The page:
Earl: How couild parents ignore the heart-wrenching sight of three preschool age children trying to navigate the uneven grass? One child carried a protest sign in one hand and held a toddlers hand with the other. Every couple of steps the toddler fell and a third child struggled to pull the youngster up.

Answer: I was there, but I didn't see any toddlers walking on the grass holding hands, but be assured Earl, had I seen any such disturbing behavior I would have instantly called child protective services and pressed for a full investigation into the matter.

Earl: Finally, why are unknown persons, operating through straw organizations, involved in this covert operation? What's the agenda?

Answer: Earl, these folks were under the mistaken assumption that it was permissable to assemble peacefully without a written published agenda. I could tell you the agenda Earl, but then I would have to inflict a violent or nonviolent action upon you. It is best that you just pretend you never saw that rally Earl, and please, try to get that disturbing image of children walking hand in hand out of your mind.

Thursday, May 28, 2009

Low Income Housing Venture a Waste of Money

Another day, another proposal for low income housing in Racine.

This time the proposal is for downtown Racine on 6th Street. The Racine Journal Times has the story. The building in question is a former YMCA owned by Emily Hill. Linda Ring Weber, Executive Director of The Housing Authority of Racine County wants to convert the building into 10 to 12 low income apartments.

This makes no sense whatsoever. Turning a gymnasium into housing will be extremely expensive. There would be a water hookup fee of a few thousand dollars per unit and let us not forget the prohibitively expensive sprinkler system that would be required. Well, prohibitive for the private sector anyway.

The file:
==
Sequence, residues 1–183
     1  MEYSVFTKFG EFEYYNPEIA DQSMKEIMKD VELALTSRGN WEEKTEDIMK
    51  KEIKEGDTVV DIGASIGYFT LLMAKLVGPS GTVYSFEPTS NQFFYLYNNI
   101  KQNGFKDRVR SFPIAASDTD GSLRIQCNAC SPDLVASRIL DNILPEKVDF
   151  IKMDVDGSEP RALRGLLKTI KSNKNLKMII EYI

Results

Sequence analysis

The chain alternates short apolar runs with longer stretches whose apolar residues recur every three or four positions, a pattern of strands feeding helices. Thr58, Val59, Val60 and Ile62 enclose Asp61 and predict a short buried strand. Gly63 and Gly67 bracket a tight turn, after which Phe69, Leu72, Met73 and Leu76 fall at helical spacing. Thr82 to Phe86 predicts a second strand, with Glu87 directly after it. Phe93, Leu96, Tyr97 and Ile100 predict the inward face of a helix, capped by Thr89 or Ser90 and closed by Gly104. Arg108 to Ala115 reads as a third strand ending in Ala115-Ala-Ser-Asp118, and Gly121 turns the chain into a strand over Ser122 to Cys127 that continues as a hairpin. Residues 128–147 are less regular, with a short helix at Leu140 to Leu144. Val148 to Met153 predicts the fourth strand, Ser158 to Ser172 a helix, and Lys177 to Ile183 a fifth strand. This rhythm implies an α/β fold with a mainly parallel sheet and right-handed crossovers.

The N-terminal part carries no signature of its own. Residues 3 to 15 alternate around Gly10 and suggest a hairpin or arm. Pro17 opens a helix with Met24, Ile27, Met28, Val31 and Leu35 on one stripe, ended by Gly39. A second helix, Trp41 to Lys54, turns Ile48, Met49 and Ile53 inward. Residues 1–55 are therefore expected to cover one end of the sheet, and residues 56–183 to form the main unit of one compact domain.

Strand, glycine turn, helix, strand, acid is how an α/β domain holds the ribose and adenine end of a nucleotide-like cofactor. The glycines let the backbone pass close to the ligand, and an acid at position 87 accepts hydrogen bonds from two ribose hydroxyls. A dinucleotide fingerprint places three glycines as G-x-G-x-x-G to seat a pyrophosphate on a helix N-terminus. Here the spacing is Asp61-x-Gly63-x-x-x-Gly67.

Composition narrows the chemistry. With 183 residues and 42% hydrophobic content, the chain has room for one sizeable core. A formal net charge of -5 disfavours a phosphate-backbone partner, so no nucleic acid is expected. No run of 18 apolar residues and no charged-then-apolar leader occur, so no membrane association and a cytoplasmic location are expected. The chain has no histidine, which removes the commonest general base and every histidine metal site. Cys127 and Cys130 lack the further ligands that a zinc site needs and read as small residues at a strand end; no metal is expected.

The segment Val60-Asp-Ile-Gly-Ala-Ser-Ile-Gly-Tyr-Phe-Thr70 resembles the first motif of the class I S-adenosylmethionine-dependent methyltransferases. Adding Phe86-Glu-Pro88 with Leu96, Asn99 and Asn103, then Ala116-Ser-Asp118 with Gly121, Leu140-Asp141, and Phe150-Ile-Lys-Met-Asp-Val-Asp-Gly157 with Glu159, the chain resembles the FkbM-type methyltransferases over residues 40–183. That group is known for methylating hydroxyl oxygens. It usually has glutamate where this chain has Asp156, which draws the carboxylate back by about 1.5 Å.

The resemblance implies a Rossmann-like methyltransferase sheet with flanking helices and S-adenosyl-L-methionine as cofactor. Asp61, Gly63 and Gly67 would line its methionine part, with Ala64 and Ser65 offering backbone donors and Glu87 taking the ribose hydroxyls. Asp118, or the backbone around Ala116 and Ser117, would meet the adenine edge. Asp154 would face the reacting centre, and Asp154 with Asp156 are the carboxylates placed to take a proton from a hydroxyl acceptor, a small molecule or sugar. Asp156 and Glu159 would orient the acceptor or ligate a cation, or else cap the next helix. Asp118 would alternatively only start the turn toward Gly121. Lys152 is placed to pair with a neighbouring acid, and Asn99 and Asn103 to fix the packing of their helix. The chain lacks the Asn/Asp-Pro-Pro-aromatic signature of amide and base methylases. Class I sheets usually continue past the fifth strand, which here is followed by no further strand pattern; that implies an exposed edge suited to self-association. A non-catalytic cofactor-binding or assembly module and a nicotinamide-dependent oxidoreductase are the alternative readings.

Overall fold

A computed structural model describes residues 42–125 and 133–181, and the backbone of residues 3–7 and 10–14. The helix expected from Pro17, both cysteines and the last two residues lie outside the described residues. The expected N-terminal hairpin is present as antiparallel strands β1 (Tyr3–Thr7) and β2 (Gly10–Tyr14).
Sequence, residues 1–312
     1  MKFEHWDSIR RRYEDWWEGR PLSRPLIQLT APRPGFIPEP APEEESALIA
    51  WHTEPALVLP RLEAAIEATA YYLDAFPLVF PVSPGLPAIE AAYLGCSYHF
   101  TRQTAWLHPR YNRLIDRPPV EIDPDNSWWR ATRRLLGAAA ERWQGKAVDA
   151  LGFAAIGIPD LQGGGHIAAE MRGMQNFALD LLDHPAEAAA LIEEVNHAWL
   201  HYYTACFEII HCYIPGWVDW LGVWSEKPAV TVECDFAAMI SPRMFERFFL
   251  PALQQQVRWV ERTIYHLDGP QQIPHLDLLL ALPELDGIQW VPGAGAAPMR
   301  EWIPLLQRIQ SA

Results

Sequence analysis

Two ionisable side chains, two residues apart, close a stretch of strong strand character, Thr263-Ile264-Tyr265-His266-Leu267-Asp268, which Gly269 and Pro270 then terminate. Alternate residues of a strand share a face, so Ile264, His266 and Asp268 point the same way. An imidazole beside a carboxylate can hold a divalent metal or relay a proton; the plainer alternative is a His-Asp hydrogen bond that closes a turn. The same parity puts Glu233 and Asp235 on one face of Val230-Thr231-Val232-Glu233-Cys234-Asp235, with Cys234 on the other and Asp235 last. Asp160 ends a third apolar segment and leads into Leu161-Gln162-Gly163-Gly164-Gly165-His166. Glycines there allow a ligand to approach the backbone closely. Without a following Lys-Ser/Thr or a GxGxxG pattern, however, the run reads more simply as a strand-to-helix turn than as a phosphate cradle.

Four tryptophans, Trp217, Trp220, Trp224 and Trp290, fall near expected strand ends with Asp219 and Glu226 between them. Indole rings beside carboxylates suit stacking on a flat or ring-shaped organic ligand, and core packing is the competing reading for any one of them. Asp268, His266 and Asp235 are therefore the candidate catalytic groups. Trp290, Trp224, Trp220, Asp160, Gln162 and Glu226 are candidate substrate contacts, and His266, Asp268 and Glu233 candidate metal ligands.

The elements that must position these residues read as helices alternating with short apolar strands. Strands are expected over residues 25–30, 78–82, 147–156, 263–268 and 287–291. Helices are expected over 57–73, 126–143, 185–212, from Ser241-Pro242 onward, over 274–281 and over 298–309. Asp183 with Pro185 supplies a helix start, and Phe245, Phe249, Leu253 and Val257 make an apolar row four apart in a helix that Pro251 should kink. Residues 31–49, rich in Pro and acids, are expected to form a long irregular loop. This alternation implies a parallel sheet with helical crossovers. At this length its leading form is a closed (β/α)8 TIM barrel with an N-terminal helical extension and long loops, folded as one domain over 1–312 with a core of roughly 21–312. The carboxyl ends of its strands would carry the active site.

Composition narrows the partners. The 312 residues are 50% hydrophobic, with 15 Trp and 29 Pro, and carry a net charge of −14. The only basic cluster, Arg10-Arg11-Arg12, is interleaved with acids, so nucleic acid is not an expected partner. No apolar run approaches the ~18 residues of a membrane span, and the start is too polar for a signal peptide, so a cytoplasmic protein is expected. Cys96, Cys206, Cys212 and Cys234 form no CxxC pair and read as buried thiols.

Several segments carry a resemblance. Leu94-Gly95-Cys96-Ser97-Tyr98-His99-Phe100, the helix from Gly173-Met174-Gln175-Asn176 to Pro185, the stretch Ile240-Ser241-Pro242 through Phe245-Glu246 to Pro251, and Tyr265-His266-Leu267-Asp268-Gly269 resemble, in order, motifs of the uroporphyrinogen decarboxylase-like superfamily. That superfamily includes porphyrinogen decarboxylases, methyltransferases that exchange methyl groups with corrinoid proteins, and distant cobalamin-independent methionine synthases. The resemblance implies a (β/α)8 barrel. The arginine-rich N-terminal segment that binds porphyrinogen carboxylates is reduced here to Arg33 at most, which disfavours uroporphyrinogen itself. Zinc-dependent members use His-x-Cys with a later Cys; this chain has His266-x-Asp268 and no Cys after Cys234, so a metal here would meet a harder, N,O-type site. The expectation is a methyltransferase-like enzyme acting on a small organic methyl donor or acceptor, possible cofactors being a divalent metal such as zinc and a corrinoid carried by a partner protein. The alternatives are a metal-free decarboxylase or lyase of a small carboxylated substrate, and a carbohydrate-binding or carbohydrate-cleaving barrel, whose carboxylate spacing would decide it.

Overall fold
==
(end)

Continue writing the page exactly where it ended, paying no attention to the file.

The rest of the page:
These are the reasons why large downtown buildings have not been coverted to apartments. The cost is way too high, water taxes and requirements are very expensive and taxes on the improvements sap any potential for profits.

Now only government has the resources remaining to build in Racine. My guess is this will cost over $2 million if it is completed. And this will be money spent unnecessarily. The Housing Authority already has an office and Racine has a surplus of low income housing.

Instead of wasting this money on real estate development, the Housing Authority should instead spend the money on housing its clients in the empty homes that already exist.

Tuesday, May 26, 2009

Walden School and Sustainability

Walden Students are learning about sustainability according to a small article in todays Journal Times. Good for them.

According to the article, the class was initially developed by the Keystone Center for Education and funded by Sustainable Racine.

The first thing these students should be taught - I am not holding my breath - is the manner in which these organizations are sustained, or not. These organizations are sustained by donations. And these donations were made possible by wealth creation. And wealth creation is best achieved in countries with free economies.

Walden students are to "develop and ultimately implement a project that will enhance the sustainability of Racine's future." Great! My hope is that these projects will reflect an understanding that "sustainability" is best achieved in a capitalist and free country. We shall see.

And Sam Braun, I will be counting on you for the sensible insiders perspective.

Socialism and Poverty

David Riemer thinks we can end poverty. Riemer is the director of policy and planning at Community Advocates of the Public Policy Institute.

Riemer argues, in a Milwaukee Journal Sentinel commentary on Sunday, that "potential policy packages must be well-conceived and evidence-based, shaped by the poor themselves and rigorously tested..." Among his suggestions are to "raise the minimum Supplemental Security Income and Social Security payments to the poverty line plus $1... a WPA-like transitional jobs program.... and a somewhat higher minimum wage plus an increased earned income tax credit."

Additionally, we need to attack racism, greatly improve the health insurance system, improve the health and education of children etc....

The common thread to all this of course is increased government power and massive income redistribution, or, to be less delicate, socialism.